Guest blog written by Dr. Charles R. Rogers, behavioral scientist and master certified health education specialist (MCHES®). Dr. Rogers’ research agenda has contributed to translational solutions that address the complex underpinnings of inequalities in men’s health, with a primary focus on colorectal cancer (CRC) awareness and prevention among African-American men for more than 10 years. His research foci also include cancer health disparities, behavioral & community-based implementation science, mixed methods, and survey methodology. Dr. Rogers’ capabilities and potential have been recognized locally and nationally by the receipt of several competitive scholarships, grant awards, and fellowships aimed at strengthening his knowledge and skills for a life-long career in health equity research. For instance, Dr. Rogers was awarded nearly $900K from the National Cancer Institute in 2018 for his #CuttingCRC study focused on developing a barbershop-based intervention on masculinity barriers to medical care and CRC screening completion among African-American men in Minnesota, Ohio, and Utah using a mixed methods approach (K01CA234319). Since he is passionate about paying it forward, Dr. Rogers has also received a number of honors acknowledging his servant leadership (e.g., 100 Most Influential Black Alumni at NC State University).
Other health advocates and I often coin colorectal cancer (CRC) as the disease no one has to die from. With early detection screening, CRC is preventable, treatable, and beatable. Unfortunately, CRC remains the second leading cause of cancer-related death for men and women in the U.S., with African Americans bearing the greatest burden. African-American men specifically have had the highest death rates and chances of getting it among all racial and ethnic groups for both genders for more than 10 years consecutively (my entire CRC health disparities career).
In general, let’s consider the facts that among African-American men:
- 47% are more likely than White men to die from CRC;
- > 24% are more likely to get CRC compared to White men; and
- they are diagnosed younger and at more severe stages than other populations.
As I noted 6 years ago, “there are a number of reasons for the CRC-related health disparities across the nation. Most troubling is the deep distrust of the medical community, especially among African-American and Native American communities. Other issues among African-American men [I have confirmed extensively with my research] include the lack of health insurance, masculinity barriers to medical care, discrimination, poor patient-provider communication, lower socioeconomic status, and a lack of timely diagnosis and treatment.
When considering diagnosis, the United State Preventive Services Task Force (USPSTF) initially recommend age 50 for those with average risk in 1996—with a B grade, followed by an A grade recommendation of age 50 in 2002, two years after the American College of Gastroenterology set the age 50 tone in 2000.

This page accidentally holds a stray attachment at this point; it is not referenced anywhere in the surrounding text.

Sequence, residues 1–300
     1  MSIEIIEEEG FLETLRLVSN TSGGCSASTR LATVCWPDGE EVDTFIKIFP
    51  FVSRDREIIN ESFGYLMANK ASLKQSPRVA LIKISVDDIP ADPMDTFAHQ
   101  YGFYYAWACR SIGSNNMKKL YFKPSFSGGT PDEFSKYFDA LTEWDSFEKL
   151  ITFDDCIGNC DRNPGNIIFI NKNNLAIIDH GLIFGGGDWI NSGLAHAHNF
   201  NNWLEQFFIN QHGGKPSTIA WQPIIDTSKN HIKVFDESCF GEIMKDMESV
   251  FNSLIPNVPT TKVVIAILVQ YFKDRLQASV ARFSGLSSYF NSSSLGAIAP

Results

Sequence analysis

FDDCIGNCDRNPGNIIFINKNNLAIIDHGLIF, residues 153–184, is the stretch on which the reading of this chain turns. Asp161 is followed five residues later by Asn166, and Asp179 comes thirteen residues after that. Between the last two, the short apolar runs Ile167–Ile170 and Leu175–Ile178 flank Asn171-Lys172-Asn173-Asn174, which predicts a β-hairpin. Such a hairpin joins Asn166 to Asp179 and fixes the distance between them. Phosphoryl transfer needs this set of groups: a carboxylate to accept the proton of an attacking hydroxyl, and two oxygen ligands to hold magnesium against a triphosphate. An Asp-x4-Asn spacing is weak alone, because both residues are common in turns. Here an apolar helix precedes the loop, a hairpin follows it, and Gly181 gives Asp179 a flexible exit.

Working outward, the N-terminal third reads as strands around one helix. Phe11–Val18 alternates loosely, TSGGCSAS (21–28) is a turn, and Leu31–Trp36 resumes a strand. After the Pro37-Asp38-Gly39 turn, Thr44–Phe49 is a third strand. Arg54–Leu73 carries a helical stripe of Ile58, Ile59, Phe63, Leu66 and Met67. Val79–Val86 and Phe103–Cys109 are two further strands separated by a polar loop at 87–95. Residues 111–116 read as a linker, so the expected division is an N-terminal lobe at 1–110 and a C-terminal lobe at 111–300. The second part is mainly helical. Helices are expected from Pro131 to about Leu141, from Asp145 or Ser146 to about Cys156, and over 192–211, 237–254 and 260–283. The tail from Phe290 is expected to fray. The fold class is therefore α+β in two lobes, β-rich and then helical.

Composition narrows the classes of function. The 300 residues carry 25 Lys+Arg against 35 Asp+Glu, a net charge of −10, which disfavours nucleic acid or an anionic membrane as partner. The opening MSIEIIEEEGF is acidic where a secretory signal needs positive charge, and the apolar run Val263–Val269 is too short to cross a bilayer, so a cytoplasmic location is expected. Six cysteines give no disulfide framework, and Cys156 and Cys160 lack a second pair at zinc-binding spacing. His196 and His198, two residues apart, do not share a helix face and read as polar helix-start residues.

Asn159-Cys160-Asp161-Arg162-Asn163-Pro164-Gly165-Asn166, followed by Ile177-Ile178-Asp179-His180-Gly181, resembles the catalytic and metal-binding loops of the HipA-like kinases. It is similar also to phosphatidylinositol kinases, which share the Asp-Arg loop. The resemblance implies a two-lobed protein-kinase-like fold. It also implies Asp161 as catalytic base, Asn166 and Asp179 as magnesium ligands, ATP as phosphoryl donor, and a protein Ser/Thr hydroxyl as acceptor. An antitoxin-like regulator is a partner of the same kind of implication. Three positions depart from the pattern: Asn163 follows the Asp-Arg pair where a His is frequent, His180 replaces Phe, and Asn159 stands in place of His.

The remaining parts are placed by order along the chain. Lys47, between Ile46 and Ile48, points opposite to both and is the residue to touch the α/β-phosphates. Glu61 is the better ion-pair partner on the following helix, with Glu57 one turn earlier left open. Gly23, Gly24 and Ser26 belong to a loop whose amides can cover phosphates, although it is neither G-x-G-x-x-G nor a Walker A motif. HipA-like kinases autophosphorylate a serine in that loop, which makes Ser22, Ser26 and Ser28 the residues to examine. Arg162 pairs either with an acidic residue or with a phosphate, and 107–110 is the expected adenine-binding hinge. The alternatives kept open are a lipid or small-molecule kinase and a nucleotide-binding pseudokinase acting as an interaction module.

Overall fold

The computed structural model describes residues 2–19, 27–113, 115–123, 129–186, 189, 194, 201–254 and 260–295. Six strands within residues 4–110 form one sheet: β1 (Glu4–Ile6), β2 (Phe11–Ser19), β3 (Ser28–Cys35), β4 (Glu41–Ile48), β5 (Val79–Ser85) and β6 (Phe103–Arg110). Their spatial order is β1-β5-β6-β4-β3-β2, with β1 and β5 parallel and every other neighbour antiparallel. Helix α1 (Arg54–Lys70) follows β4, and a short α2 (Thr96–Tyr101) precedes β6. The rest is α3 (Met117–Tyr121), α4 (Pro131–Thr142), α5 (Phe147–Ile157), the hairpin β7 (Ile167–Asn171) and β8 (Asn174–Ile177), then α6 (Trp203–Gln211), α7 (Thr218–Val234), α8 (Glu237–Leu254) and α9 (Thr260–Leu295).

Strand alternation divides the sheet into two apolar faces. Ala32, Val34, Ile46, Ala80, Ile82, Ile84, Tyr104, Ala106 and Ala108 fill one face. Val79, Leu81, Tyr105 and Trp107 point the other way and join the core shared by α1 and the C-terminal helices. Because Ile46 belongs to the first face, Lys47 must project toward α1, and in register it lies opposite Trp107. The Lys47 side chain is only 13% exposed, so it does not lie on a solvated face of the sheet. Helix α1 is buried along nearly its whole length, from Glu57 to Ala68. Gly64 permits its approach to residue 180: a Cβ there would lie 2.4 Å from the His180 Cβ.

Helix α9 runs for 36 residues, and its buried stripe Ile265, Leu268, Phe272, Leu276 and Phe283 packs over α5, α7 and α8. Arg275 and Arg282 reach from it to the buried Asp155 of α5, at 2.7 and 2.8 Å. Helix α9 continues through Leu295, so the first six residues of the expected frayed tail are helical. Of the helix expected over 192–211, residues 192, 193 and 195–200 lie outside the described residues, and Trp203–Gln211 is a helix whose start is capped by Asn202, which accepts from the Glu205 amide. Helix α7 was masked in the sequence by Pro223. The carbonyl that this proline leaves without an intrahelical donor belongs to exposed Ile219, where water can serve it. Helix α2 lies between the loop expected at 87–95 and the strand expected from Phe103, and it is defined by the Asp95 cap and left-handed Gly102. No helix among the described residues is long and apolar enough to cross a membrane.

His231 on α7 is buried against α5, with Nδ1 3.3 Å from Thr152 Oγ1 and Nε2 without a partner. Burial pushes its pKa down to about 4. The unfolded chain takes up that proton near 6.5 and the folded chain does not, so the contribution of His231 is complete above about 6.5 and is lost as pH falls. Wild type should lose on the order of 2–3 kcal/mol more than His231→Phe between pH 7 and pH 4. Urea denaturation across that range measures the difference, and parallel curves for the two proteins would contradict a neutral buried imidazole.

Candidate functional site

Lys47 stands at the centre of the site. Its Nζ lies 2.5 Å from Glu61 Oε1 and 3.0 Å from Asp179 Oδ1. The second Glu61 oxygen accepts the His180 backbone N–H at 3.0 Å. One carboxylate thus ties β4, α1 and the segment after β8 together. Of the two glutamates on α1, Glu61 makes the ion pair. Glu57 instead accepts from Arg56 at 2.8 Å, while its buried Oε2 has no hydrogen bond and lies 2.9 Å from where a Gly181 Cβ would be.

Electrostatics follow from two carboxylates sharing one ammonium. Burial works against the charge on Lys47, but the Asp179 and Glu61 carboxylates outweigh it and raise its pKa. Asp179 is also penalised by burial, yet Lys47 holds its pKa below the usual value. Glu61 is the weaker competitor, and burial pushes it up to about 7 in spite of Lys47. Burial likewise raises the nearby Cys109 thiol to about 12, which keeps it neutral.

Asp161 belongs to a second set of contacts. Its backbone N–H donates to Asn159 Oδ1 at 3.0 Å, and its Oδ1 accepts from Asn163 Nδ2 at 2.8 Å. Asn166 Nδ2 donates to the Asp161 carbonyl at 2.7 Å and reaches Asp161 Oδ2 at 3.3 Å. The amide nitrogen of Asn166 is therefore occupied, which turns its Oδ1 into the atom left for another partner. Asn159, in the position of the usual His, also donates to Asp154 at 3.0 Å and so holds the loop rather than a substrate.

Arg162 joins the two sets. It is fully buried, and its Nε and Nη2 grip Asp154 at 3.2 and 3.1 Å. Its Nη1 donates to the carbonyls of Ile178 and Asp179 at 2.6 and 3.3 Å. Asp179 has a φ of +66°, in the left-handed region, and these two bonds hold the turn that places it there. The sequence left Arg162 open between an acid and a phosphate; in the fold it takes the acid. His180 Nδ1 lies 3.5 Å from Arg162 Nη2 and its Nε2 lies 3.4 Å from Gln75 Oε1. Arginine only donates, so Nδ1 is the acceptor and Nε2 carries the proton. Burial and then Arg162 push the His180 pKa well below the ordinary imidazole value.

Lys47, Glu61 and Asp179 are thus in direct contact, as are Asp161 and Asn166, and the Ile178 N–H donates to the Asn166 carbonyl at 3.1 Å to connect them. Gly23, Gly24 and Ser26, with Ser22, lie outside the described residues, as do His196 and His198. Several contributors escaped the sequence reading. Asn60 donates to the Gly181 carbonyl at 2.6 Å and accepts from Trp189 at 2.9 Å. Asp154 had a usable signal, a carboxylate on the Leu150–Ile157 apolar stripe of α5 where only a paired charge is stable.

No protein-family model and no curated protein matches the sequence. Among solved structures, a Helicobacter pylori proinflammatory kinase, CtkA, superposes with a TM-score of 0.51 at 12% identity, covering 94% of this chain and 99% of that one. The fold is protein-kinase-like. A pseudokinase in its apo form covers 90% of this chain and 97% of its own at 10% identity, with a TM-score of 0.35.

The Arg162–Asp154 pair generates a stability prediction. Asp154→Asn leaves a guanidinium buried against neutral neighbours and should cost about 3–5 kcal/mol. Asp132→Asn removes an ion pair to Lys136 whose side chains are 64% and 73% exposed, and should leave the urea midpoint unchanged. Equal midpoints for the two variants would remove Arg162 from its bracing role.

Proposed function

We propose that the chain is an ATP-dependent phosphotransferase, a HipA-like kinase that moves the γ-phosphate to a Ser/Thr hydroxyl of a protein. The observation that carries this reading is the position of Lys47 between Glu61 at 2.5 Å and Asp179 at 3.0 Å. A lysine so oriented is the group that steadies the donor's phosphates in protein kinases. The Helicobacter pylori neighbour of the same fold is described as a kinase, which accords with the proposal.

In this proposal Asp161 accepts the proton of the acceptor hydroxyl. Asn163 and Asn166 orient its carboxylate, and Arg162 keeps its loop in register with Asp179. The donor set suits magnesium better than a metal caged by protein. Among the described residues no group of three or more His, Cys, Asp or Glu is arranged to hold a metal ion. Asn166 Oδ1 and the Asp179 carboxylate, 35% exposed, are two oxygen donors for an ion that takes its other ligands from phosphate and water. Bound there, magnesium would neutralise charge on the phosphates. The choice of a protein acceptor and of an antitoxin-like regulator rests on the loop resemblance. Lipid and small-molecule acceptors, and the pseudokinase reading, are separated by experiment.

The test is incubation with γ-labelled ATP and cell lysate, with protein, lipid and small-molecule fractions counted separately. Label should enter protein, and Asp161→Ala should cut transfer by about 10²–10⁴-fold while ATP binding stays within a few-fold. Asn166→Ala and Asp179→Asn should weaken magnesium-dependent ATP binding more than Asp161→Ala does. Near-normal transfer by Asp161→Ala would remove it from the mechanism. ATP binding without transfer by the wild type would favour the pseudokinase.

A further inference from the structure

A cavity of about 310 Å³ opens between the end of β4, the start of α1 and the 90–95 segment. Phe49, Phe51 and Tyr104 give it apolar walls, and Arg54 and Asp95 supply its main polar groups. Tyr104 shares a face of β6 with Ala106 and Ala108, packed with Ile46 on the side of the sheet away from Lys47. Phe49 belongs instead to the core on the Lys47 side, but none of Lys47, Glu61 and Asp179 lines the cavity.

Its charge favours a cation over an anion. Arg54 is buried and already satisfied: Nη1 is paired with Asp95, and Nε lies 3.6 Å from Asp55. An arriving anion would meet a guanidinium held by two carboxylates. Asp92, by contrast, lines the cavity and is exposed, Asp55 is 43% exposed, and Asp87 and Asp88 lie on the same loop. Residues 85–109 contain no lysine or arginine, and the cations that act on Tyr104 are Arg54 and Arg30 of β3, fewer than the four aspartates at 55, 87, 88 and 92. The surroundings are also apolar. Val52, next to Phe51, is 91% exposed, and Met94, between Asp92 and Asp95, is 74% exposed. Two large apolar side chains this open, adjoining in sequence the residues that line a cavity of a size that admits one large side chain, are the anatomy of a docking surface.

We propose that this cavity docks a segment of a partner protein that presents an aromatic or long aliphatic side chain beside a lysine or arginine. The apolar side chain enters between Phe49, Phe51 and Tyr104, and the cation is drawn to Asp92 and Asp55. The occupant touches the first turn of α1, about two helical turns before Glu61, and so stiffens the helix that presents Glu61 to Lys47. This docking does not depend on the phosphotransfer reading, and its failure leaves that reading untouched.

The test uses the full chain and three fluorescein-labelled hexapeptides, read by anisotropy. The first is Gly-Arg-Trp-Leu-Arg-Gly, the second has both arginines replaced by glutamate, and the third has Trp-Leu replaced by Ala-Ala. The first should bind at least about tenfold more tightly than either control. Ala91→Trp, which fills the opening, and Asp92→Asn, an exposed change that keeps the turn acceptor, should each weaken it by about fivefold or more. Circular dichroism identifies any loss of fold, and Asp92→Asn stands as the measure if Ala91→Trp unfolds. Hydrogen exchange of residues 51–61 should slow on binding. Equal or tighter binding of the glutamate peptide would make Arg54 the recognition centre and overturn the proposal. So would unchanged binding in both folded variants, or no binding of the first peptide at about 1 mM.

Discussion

In 2008, ACG recommended the screening be lowered to age 45 for African Americans for this preventable disease as we were presenting with CRC at earlier ages and at more advanced stages. This recommendation was essentially ignored until 2018 when the American Cancer Society (ACS) recommended the screening age to be 45 among everyone.
ACS’s recommendation is informed by the fact that by 2030, the chance of getting CRC in the United States is expected to increase:
- 90%-124% among Americans aged 20-34, and
- 28%-46% among those aged 35-49.
Today, in 2020, 12 years since ACG made the age 45 recommendation for African Americans, the ACS, Centers for Disease Control and Prevention (CDC), and USPSTF are not on the same page, so many individuals continue to die from CRC or struggle to survive as most insurance companies do not honor their early diagnoses.
Lowering the screening age for all—African-American men included—will literally save thousands of lives. It is a simple act, one well supported by research that would also reduce healthcare costs immensely. I know it is worth it. When will others agree?
Regardless, let’s all do our part to honor Chadwick Boseman’s memory and get screened or encourage our family members do so. The Black Panther became a superhero on and off the screen to all of us on Friday, August 28, 2020, when we learn he passed away from CRC. May his powerful story slowly unfolding more and more each day remind each of us to make the call or send that text to those close to us who cross our mind. We never know what people are fighting…
Thank you brother #ChadwickBoseman for sharing your passions, expressing your art, mastering your craft, lifting your voice, & elevating the representation of the Black community. We will fight on for you and your legacy. Rest in power.